A warning from Silk Road documentary Deep Web

Investigating the Ross Ulbricht case, filmmaker Alex Winter urges ‘there’s really no downside to more encryption’

Enjoying its world premiere at SXSW earlier in the week, Alex Winter’s Silk Road documentary Deep Web was only completed a couple of days before the festival. With millions in cryptocurrency Bitcoin (BTC) lost over the weekend, Winter’s doc surrounding the Ross Ulbricht case and the original Silk Road is more relevant than ever, largely because it addresses the real danger facing dark net users from external forces like the FBI and, even more troubling, other users and moderators who might be looking to take advantage.

Investigating the Ross Ulbricht case in depth, Deep Web puts the admitted Silk Road founder in a positive light, pointing out the fact that the prosecution didn’t allow evidence that pointed towards multiple people operating under the infamous Dread Pirate Roberts handle within Silk Road. Speaking with Alex Winter at SXSW, his frustration from being stonewalled during production was evident. “The prosecution can’t really talk to be fair to them. I wasn’t expecting them to, they can’t really legally talk to me. There are plenty of people that could have that didn’t and it’s disappointing more than surprising. Sort of the same thing I went through on Napster, the bands didn’t want to talk, the labels didn’t want to talk. They don’t want to misrepresent themselves and it’s easier to just be silent and let these things roll on. It was certainly a lot more chilling.”

“They can’t really legally talk to me. The same thing I went through on Napster, the bands didn’t want to talk, the labels didn’t want to talk. It’s easier to just be silent and let these things roll on”

The main takeaway from the film highlights the fact that the crypto-terrorist movement towards more privacy and user freedom can protect someone from the law but not necessarily someone inside the framework that can wind up being vulnerable to theft and, in Ross’s case, an alleged frame job. Winter addressed the fact that people using encryption are focusing so much on the enemy outside that they’re ignoring the potential enemy that could be lurking in the chat room. “Our film really addresses these movements online towards privacy and anonymity that really believe that further encryption is really important,” Winter explains, “and it will help protect you both from invasion of too much surveillance and malfeasance from overreach on the government’s side but will also protect you from Black Hat hackers and the bad guys within the chat space who can infiltrate your information as well. There’s really no downside to more encryption.”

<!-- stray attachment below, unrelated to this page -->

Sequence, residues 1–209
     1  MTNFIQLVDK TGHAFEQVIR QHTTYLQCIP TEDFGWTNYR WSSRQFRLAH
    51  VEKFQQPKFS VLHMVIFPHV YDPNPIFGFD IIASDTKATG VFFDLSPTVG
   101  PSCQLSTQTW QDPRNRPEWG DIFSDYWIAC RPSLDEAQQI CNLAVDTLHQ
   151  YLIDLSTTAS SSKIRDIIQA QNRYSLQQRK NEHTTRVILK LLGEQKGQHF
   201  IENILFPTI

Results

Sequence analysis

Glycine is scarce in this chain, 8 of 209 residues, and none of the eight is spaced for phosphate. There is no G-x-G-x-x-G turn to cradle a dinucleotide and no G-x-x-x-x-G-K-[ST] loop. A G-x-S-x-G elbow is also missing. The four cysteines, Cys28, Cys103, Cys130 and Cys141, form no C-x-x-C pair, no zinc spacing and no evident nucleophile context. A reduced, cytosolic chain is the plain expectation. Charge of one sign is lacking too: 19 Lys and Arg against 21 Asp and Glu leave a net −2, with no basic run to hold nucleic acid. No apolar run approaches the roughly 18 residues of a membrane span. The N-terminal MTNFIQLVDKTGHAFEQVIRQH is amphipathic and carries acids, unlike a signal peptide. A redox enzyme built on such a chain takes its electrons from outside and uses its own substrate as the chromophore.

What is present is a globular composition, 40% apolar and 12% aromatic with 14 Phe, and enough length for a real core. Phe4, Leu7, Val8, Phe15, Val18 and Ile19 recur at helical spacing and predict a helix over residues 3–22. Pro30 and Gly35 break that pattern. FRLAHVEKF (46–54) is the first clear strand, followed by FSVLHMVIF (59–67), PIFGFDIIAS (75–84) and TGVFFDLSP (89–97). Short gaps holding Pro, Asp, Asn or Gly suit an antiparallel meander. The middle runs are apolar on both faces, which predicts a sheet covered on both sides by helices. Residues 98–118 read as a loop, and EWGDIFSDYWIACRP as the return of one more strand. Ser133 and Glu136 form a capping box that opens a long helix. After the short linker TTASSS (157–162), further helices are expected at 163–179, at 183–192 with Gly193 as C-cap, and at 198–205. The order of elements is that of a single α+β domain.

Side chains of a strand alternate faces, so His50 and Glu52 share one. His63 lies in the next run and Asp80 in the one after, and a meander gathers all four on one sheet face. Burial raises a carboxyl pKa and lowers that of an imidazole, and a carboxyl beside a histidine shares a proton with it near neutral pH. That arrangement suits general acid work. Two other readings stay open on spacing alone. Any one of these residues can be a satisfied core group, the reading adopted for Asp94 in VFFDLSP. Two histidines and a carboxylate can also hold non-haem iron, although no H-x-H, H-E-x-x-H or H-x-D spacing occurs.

The only downside comes into play when everyday internet users like you and me decide to begin experimenting with encryption tech and the world of Bitcoin, only to open ourselves up to an insanely complicated subculture and underworld that is difficult to fully comprehend even among experts. Because of that, SXSW became the perfect place to premiere Deep Web for Winter because the issues in the film can be analyzed by a very tech-savvy audience. “Anywhere where you can at least start with the people who may know more about these issues than everybody else is a huge help because one of the biggest problems that the Ulbricht’s have faced in dealing with their son is that there’s just so much ignorance. It’s understandable because these issues are insanely complicated.”

Speaking at the Austin Convention Center just a few doors down from where Deep Web premiered, the Winkelvoss twins spoke at their panel, “Bitcoin: What It Needs To Succeed”, predicting that we will have a “cashless society” by the year 2025. With a major darknet marketplace scam instantly disappearing millions and the frightening developments of the Ulbricht case shown in Deep Web, Winter is justifiably skeptical. “I defy the Winklevoss twins to explain how Bitcoin works. I’ve yet to hear them actually do that. They’re very, very complicated issues even for people that are tech adept. So, I think that the more people who aren’t tech adept who can champion issues that are important – and it’s not about being one-sided or people not wanting to stick their neck out for certain issues – but at least they can enter into the narrative discussions around where we are and the challenges around where we are.”

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